Depression is a bastard and cheat and a thief who always lies. That’s the truth.

This is also true: You are never alone, you are loved beyond your understanding, and you matter.

Today, I love. It’s what I’ve chosen for today.

Tomorrow has enough trouble of its own.

A Birthday Poem for My Wife on Her Birthday

HERE AND NOW is what I’ve come to; it’s where I’ve landed; it’s what I’ve come to. Here and now is the only place I want to be.

You helped me find that; you helped me learn to find that space, that extra space the heart grows into because there’s always room for more love.

Your love makes me want to make the most of a moment.

(Hear Colm Wilkinson singing) THIS. IS. THE. MOHMENNT!!

(Are those tears of laughter or joy? Or both?)

I’M SO GLAD you are here and now; it’s the perfect place to be, here and now is. I’m so honored you chose me to share your here and nows with. (‘I’m so honored you chose me to be the one with whom you will share your here and nows.’ I think that’s better but it’s too long? Why take so much time with a sentence, you know what I mean?)


(How old are you??…Younger than me. Right. Point made. Thank Youuu!)

Even though we are apart on this your special day, when I think on you, I feel like I’ve come home.

(Ladies and Gentlemen, Mister Colm Wilkinson)


HERE AND NOW I am sending you all of my


in a birthday poem for you on your birthday, which I have entitled,


It’s a poem grateful for all of the perfect moments we’ve had and have yet to have had (is that even English??…I mean, come on!!!…sorry…where was I?…Right.)

Here and…now is a poem…(I don’t even kn—)

Look, here’s my point: Even if I only have one day more with you,

(Cue Wilkinson…again:)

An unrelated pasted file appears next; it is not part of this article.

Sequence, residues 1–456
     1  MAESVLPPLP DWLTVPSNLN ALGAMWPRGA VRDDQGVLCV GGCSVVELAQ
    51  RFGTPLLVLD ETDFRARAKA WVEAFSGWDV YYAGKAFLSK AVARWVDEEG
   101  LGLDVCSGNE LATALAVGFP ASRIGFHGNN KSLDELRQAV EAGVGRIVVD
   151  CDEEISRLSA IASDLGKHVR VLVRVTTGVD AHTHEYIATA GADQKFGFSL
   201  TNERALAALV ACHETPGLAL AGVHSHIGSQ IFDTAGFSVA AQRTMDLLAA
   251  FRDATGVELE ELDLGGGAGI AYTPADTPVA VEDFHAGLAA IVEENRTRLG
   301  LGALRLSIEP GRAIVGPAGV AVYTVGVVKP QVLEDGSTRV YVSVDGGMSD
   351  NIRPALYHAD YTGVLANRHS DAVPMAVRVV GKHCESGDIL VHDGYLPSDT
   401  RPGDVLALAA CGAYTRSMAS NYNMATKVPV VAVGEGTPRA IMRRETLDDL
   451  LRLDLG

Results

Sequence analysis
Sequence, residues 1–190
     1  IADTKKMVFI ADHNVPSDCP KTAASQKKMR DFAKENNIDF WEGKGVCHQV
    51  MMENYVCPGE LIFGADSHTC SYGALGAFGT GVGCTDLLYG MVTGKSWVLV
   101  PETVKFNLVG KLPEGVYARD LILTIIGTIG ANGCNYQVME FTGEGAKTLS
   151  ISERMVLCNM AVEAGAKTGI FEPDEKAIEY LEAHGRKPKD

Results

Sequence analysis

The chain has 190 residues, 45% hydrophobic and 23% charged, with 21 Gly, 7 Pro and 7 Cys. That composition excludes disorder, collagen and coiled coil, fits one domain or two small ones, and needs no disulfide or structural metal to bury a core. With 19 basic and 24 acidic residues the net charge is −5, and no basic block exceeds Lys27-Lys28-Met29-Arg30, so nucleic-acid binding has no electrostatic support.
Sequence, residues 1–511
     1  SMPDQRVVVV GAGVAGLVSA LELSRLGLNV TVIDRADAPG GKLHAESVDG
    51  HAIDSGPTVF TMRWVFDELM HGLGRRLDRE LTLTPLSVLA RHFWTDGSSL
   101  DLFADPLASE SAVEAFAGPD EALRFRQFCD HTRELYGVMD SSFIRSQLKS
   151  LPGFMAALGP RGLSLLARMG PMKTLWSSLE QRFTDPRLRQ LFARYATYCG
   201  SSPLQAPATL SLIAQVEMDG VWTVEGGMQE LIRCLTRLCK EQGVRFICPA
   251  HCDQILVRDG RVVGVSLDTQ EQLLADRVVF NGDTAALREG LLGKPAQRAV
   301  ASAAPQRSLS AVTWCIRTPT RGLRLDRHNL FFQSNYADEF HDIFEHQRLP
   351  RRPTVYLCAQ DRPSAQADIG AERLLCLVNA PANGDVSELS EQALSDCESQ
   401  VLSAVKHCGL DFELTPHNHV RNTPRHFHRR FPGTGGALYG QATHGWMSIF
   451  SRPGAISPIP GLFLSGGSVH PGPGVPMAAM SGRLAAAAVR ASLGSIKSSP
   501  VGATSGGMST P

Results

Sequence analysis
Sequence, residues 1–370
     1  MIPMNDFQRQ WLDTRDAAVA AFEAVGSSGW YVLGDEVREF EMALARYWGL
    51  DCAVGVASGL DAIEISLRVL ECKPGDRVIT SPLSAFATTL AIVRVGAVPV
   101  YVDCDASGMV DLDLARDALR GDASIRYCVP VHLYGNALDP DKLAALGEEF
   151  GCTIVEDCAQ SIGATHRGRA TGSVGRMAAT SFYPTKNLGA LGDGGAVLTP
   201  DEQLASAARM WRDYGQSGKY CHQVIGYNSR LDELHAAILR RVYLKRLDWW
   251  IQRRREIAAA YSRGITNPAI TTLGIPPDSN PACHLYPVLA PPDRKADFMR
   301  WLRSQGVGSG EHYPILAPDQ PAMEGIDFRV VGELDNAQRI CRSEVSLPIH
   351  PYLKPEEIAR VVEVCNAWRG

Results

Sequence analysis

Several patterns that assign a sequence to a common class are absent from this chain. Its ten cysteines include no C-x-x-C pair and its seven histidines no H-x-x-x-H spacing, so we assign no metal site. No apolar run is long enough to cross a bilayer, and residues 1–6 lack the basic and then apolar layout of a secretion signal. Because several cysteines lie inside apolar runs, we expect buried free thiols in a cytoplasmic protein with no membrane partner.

(Dammitt, Colm!!!…Can you PLEASE?!…It’s my LAST. NERVE… Okay?!)

(Tears still? A kiss for both your eyes, then)

I WANT TO SPEND all of my days with you and have all of the ADVENTURES!

HERE AND NOW is what I’ve come to; it’s where I’ve landed; it’s what WE’VE come to. Here and now is the only place I want to be.

Happy Birthday, Wife! I love you!



A Journey Through Lent with Love

God is Love. Love is God.

TODAY ENDS a very tumultuous forty days of exploration for me. During this period of Lent, I have been engaged in an experiment which replaced the word Love for the word God in my everyday thoughts, prayers, and contemplations.

The experiment began because of my interest in what is going on when we utter the term, God. For some time now, I have been deeply interested in what the referent for the word God is for different groups of people as a whole and specifically for groups of people who call themselves Christians.

What does the word God mean to them? What does it mean to me?

As I have previously written, my upbringing lead me to understand the term God as a literal *being* who is the best possible everything—the greatest conceivable being. We were very concerned with what NOT to do in our lives when I was growing up. That certainly does not discount the many wonderful things our community did and what that community continues to do.

I just remember being confused about what it meant when we said we “loved Jesus.” I remember feeling like I didn’t know who we were praying to, and wondering if smoking that cigarette or dancing in public was really going to count that many points against me on the cosmic abacus.

This Lenten journey I’ve been on has taken me up, down, and backward on a kind of rollercoaster I’m not sure I would have gotten on if it had been up to me. What I mean to say is, I don’t know if I would have chosen all of the things that have come my way, especially lately. At the same time, I fully realize I wouldn’t be in this present moment without them; and where else am I but right here, right now?

In my experiment where I substituted the word Love for the word God, I noticed a few things. One thing I noticed was when I was thinking about Love in even the most generic way, I could almost immediately see it in others—mothers interacting with their children, friends doing loving things for one another, drivers letting other drivers go in front of them during heavy traffic, stories of lovingkindness became the kind of story I decided to click on instead of hateful nonsense. This wasn’t true 100% of the time, to be sure, but I was noticing; I was present to these Love-filled moments.

A dear, dear friend of mine died in a split second on Wednesday, and I was so terribly sad. Loved showed me I didn’t have to try to say the right words to a *being* out there, living somewhere I couldn’t get to.

Love showed me it was okay to grieve, and that I could never even possibly be away from Love’s embrace. So many people showed such brilliant outpourings of Love, remembrance, and comfort.